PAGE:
Formal Charges

If the prosecutor thinks there is adequate evidence needed to win, they will file formal charges. This is also called an information. The information lists the exact charge they plan on prosecuting. Listed charges may be more or less serious than those shown in the original report of the arrest. 

Sometimes, charges can take months to appear. If the prosecutor chooses not to file any formal charges and the information is not filed, then the case is considered abandoned. 


While the plea deal is filed, your attorney may file what is called a Notice of Discovery. They also may file Demand for Jury Trial. These documents are routine and are filed in most cases. 

The Notice of Discovery triggers the prosecutor’s duty to give your attorney a copy of every piece of evidence collected. Your attorney also gives the prosecutor their available evidence, which includes:  

  • Police reports
  • Documents
  • Witness statements

If there are other pieces of evidence that are relevant to your case, they should be gathered at this time.


Depositions are recorded testimonies from victims, testifying experts, and witnesses. They may be taken during the discovery phase or before a trial begins. Depositions allow for all involved parties to share what they know and find weak spots in the other side’s arguments.

Early Resolution

Some counties in Florida have what is known as an early resolution program. Attorneys working for the state review your case, and if appropriate, broker a deal in exchange for a guilty plea. This means the case ends early and could potentially save you and the court both time and money, but you will be required to plea guilty.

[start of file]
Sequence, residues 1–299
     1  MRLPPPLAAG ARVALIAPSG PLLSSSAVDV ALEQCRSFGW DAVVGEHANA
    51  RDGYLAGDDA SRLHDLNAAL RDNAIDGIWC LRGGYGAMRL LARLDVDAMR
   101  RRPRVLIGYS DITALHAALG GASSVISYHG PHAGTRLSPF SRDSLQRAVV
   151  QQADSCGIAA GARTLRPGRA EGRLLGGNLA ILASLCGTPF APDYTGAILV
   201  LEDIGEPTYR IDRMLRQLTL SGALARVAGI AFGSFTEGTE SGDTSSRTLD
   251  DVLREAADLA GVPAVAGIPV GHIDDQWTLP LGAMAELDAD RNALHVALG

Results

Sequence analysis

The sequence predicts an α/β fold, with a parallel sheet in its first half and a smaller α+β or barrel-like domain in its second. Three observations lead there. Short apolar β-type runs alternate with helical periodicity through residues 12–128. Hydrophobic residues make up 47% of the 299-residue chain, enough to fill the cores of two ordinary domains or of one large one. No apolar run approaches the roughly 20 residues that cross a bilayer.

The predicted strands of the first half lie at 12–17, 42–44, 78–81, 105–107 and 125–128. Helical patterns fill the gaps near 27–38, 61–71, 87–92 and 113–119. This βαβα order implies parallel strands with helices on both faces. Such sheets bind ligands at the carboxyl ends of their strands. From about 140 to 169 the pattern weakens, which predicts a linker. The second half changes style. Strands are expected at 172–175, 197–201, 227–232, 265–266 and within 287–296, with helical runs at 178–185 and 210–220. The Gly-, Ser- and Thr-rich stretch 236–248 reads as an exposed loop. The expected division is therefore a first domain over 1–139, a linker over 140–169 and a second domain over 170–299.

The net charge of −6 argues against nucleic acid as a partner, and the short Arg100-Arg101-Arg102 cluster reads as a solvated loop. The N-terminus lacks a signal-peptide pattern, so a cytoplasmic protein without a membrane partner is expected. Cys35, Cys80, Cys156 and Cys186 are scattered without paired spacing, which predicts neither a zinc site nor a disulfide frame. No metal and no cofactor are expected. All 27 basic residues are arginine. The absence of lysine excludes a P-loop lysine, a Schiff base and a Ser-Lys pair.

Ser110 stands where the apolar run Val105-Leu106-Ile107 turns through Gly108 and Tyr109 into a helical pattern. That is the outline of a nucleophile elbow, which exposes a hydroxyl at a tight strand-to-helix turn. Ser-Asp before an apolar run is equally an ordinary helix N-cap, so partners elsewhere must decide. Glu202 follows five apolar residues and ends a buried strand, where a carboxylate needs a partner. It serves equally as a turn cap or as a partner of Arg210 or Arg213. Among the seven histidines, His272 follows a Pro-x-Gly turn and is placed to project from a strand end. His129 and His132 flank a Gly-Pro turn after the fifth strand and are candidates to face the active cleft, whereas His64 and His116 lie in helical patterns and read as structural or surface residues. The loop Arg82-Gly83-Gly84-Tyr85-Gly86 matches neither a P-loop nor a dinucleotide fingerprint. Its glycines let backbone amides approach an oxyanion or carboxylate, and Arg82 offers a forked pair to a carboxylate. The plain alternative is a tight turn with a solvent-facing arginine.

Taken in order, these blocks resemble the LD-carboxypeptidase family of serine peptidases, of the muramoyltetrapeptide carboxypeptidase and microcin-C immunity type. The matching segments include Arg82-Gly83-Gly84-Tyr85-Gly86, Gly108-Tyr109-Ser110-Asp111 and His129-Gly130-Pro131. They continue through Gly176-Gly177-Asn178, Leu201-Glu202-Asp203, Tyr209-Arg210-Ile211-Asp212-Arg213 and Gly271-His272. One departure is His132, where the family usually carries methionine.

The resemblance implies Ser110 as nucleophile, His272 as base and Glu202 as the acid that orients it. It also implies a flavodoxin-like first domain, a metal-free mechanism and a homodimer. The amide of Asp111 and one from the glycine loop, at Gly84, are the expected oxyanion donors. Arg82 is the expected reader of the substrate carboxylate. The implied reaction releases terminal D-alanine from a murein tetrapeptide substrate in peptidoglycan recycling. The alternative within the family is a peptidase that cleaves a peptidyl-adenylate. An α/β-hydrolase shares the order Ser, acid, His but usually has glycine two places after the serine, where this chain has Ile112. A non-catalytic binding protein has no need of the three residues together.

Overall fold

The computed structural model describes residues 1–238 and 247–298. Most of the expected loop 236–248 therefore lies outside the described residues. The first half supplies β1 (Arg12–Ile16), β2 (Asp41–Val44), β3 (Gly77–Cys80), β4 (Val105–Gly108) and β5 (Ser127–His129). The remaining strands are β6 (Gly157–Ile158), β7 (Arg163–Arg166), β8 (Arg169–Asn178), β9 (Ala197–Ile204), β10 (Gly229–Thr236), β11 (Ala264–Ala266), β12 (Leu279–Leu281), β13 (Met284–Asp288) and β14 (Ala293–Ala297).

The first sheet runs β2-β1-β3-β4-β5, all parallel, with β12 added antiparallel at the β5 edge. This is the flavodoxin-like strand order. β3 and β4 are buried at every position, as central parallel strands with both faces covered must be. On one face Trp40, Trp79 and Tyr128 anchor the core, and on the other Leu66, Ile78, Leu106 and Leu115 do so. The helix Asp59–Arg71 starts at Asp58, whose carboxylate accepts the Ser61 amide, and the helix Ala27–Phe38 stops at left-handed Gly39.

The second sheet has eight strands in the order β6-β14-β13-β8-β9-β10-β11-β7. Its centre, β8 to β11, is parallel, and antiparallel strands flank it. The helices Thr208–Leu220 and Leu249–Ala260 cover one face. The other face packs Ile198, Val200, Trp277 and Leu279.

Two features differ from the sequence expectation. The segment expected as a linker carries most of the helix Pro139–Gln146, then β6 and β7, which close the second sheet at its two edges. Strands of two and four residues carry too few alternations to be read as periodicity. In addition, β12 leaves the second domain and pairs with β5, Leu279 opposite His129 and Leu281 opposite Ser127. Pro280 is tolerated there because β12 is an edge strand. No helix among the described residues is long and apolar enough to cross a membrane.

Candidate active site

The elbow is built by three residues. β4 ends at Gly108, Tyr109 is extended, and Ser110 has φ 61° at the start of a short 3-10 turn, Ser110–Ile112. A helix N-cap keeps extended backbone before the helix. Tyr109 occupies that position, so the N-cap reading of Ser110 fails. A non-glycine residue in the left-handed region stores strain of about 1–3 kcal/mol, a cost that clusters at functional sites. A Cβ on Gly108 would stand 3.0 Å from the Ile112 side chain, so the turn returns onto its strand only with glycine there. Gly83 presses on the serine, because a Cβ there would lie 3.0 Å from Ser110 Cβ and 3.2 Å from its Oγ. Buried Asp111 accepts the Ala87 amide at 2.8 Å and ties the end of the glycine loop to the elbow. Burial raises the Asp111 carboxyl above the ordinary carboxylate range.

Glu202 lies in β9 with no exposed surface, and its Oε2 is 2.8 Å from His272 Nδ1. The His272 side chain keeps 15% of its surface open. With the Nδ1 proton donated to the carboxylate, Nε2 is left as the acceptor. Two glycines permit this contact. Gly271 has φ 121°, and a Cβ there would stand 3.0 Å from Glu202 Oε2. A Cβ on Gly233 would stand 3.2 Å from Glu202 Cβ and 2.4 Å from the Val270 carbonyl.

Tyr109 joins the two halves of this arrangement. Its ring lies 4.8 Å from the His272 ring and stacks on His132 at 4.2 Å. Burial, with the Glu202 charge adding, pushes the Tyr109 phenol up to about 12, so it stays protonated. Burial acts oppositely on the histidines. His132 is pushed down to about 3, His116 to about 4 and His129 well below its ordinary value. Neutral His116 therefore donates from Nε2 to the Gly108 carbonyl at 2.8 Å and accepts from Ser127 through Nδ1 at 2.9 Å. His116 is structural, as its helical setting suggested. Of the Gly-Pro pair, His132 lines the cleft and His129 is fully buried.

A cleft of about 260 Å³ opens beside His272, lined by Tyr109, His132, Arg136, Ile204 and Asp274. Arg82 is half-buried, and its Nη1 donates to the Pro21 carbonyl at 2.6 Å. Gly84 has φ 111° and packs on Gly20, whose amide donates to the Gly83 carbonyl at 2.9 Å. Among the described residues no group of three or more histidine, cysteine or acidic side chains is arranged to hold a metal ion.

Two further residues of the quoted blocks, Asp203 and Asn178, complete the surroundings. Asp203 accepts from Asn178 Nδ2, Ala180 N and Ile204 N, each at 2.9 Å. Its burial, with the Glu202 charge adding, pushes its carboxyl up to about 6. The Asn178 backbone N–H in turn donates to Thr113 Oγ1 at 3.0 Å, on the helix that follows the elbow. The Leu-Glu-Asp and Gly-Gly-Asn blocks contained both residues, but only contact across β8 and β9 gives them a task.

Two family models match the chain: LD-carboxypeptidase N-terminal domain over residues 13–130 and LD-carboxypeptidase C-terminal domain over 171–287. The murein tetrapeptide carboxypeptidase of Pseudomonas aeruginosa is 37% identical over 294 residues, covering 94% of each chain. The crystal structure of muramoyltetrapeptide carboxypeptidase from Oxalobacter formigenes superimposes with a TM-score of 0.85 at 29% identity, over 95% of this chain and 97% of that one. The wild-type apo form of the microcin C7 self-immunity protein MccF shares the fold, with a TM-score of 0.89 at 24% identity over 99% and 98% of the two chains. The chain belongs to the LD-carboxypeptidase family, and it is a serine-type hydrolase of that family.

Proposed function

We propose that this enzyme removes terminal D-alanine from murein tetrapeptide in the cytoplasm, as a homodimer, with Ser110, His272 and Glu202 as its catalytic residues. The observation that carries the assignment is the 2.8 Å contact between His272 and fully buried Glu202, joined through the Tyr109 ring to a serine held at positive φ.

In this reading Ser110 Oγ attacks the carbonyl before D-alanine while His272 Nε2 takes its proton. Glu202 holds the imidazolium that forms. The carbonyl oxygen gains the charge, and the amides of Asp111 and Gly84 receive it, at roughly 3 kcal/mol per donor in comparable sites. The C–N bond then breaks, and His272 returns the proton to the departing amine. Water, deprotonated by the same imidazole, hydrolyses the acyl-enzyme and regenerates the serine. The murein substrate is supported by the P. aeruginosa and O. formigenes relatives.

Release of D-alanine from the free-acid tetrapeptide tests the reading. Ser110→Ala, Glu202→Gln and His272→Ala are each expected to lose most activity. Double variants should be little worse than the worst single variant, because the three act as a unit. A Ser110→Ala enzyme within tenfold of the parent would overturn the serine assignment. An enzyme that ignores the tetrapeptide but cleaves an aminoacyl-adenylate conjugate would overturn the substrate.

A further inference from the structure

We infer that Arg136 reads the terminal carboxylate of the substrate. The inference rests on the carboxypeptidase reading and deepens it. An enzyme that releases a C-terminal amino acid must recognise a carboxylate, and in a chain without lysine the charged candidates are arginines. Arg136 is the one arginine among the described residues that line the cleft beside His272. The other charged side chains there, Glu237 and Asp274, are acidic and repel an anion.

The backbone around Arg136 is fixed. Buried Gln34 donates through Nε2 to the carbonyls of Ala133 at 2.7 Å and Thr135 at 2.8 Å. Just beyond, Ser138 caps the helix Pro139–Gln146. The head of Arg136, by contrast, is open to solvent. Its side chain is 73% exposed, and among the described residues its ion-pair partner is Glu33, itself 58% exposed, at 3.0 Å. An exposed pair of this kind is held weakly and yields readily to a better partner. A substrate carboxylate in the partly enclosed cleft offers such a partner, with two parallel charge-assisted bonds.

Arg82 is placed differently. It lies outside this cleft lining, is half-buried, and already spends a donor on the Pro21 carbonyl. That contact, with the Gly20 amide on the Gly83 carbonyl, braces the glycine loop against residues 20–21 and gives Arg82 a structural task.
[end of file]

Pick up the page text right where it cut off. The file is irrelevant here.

Many cases of theft, drug possession, and traffic offenses end with early case resolution, but no case is guaranteed an early resolution. It is critical to consult a lawyer to ensure the prosecutor’s deal is truly fair before accepting.

Pretrial Intervention

In some cases, you will be eligible for pretrial intervention (PTI), also called pretrial diversion. Those who are non-violent offenders, first offenders, or those arrested on drug-related charges may be eligible for PTI. Individual cases are reviewed by an employee at the State Attorney’s Office to decide eligibility. 

A pretrial intervention program will require you to adhere to a list of requirements instead of spending time in jail. These requirements may include  drug court attendances, paying financial restitution to victims, community service hours, or a combination of these. Individuals who complete PTI have their charges dismissed completely.